Not A Good Idea....
March 21, 2006
BY JEFF GELLES
KNIGHT RIDDER NEWSPAPERS
PHILADELPHIA -- The Internal Revenue Service is quietly moving to loosen the once-inviolable privacy of federal income-tax returns.
If it succeeds, accountants and other tax-return preparers for the first time would be able to sell information from individual returns -- or even entire returns -- to marketers and data brokers.
The change is in a set of proposed rules the Treasury Department and the IRS published in the Dec. 8 Federal Register, where the official notice labeled them "not a significant regulatory action."
IRS officials portray the changes as housecleaning needed to update outmoded regulations adopted before it began accepting returns electronically. The proposed rules, which would become effective 30 days after a final version is published, would require a tax preparer to obtain written consent before selling tax information.
Critics call the changes a dangerous breach in personal and financial privacy. They say the requirement for signed consent would prove meaningless for many taxpayers, especially those hurriedly reviewing stacks of documents before a filing deadline.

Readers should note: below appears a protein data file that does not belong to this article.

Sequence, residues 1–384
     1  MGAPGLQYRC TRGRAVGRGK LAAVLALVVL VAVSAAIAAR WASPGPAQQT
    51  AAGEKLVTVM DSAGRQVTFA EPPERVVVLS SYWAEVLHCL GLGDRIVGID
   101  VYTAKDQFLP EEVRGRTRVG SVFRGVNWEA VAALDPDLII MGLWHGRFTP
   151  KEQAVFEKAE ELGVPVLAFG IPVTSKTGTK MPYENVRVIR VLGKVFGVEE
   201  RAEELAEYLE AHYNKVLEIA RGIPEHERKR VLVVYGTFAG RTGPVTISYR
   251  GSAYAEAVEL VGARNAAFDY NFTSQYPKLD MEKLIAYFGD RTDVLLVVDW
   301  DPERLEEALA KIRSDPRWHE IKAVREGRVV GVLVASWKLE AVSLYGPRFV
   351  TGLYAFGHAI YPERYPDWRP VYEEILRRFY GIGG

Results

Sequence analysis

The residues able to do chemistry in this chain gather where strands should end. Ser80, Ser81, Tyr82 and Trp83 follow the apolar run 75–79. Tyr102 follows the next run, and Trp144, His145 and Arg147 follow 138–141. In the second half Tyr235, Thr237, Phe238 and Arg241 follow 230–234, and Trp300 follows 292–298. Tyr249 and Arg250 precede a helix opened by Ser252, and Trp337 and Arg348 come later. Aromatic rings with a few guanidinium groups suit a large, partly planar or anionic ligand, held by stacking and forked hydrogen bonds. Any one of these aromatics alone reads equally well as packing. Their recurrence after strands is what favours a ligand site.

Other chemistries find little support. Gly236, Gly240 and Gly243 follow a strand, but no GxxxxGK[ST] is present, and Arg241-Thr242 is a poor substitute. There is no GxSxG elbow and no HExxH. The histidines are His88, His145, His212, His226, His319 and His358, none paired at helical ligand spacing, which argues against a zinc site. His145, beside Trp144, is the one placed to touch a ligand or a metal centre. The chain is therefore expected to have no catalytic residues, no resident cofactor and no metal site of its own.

"The normal interaction is that the taxpayer just signs what the tax preparer puts in front of them," said Jean Ann Fox of the Consumer Federation of America, one of several groups fighting the changes. "They think, 'This person is a tax professional, and I'm going to rely on them.' "
Criticism of the proposal also came from U.S. Sen. Barack Obama, D-Ill. In a letter March 14 to IRS Commissioner Mark Everson, Obama warned that, once in the hands of third parties, tax information could be resold and handled under even looser rules than the IRS sets, increasing consumers' vulnerability to identity theft and other risks.
The IRS announced the proposal in a news release the day before the notice was published, headlined: "IRS Issues Proposed Regulations to Safeguard Taxpayer Information."
The announcement did not mention potential sales of tax information.
IRS spokesman William M. Cressman said, "The heart of this proposed regulation is about the right of taxpayers to control their tax return information. The idea is to emphasize taxpayer consent and set clear boundaries on how tax return preparers can use or disclose tax return information."